Next morning we ride a few miles south to Ocean Shores and spend a few days waiting out rain and concocting some articles for work. The beaches are surreal and everything feels like a simulation.
The feeling is amplified as we bus into Westport, a fisherman’s foggy painted-by-memory town on a peninsula across the water from Aberdeen.
We park our bikes at the Knotty Pine Tavern, the surliest dive on the West Coast, and meet a vacationing young couple from Puyallup who teach us how to gamble on the state-issue punch boards.
“It’s like this,” Anna says as she jabs away heedlessly at the bacon board like a blind dowser probing for groundwater.
She wins two pounds of bacon in about ten minutes, and we hope it isn’t just drunken camaraderie when she and Jordan invite us over to their hotel tomorrow for oysters and crab and beer all day as they lurch out of the bar in a lusty embrace.
Z and I spend the night in the bow of this crab boat, owned by a fisherman named Mike who we met at the Pine earlier.
We spend the next day sipping Rainiers and barbecuing ribs and seafood.
Here are a couple shots of Z modeling with some oysters in Bay Center, WA.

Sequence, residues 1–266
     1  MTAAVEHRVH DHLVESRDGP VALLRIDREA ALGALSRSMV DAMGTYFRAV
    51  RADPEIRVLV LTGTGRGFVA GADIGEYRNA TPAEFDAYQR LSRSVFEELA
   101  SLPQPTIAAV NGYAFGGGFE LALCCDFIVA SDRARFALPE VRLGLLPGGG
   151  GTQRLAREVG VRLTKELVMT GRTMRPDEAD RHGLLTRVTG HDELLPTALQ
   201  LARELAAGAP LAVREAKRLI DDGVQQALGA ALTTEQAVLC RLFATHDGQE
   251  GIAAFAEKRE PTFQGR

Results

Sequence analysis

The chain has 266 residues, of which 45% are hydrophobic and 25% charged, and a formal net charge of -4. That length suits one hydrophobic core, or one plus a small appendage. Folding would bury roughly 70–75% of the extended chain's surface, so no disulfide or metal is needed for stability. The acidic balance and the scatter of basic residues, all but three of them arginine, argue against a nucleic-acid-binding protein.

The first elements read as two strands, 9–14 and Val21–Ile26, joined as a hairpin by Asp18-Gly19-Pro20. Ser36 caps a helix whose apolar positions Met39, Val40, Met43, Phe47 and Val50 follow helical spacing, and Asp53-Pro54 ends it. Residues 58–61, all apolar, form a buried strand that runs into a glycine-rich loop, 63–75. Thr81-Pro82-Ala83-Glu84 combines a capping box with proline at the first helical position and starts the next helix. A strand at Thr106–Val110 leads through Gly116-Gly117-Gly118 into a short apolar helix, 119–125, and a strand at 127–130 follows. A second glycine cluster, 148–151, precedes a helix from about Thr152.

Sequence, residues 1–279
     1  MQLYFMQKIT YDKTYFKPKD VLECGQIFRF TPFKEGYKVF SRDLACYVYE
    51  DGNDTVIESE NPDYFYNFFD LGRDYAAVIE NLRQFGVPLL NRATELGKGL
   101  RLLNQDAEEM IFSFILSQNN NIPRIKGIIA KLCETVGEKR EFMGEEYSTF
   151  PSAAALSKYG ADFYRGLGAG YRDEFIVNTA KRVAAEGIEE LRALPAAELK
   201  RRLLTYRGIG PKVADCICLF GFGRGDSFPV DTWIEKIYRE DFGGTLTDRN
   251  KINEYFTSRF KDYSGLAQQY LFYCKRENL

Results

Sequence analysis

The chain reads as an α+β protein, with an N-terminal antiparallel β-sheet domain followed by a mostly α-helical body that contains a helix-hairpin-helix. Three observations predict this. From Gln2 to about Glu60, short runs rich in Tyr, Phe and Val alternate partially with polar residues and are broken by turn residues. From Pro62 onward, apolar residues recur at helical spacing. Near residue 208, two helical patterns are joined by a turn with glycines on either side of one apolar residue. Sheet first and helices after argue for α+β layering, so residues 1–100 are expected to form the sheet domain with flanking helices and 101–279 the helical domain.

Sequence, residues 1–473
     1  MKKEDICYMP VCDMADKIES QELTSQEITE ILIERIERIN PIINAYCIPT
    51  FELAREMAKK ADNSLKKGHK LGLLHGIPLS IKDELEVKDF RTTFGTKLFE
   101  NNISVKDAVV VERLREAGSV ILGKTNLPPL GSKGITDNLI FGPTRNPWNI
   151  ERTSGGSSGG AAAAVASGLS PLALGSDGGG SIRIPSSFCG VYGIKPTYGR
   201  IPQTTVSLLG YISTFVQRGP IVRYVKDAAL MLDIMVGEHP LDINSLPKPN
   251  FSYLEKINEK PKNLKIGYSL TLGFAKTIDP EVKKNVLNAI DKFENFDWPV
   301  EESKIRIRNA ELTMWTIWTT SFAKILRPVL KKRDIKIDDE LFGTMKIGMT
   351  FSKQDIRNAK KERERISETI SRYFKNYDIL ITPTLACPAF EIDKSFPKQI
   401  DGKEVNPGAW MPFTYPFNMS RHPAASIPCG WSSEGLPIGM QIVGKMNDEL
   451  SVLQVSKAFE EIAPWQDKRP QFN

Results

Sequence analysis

A few days later we roll into Ilwaco, a former fishing mecca on the mouth of the Columbia River that died off with the salmon and now retains the haunting infrastructure of what-once-was – vacant seafood restaurants, under-priced houses, barnacled boats moaning in the harbor, nautical waste, and the dive bar at the end of the universe, the Sea Hag, spewing drafts to the echoes of near-extinct commerce collapsing all around.
Everyone is confused as to why we are even here in the first place, but it feels right and we end up crashing with some local kids who work as occasional dockhands and, far more lucratively, clerks at the waterfront indoor gardening shop.
Next day, we bike over the Astoria-Megler Bridge, which is supposed to be terrifying, except it’s been undergoing a four-year painting process since March, so we breeze over with no cars in sight for much of the 4 mile stretch, feeling immense gratitude for the fates and a warm ambivalence to the natural laws of physics, the rules of reality, and even ole Billy Bob’s well-meaning, cross-eyed, dumbass back-country hoodoo.
on June 17, 2012
from the travel blog:
Two-Wheel Heart Attack Fuck the World West Coast Bicycle Ride-A-Thon of the Millenium
Send a Compliment
Great blog describing some very interesting (!) people you met!
Really enjoyed the photos, too!
Looks like you and Andrea are having fun and experiencing a lot!
Love and safe travels, Mom
written by Viki Deal on June 20, 2012
"the dive bar at the end of the universe, the Sea Hag, spewing drafts to the echoes of near-extinct
collapsing all around." - now that paints a picture! Love, Dad
on June 23, 2012
Wonderful description of Voss Acres and the Wa. coast. Loved the inimate details of your
, especialy " Queer Bob " Almost like I could put a face to him . Thank god I cant ! I enjoyed reading and viewing the photos , Thank you !
written by Dave Clutts on June 24, 2012
comment on this...
Previous: Fortune Is a Stranger
Expat Software Consulting Services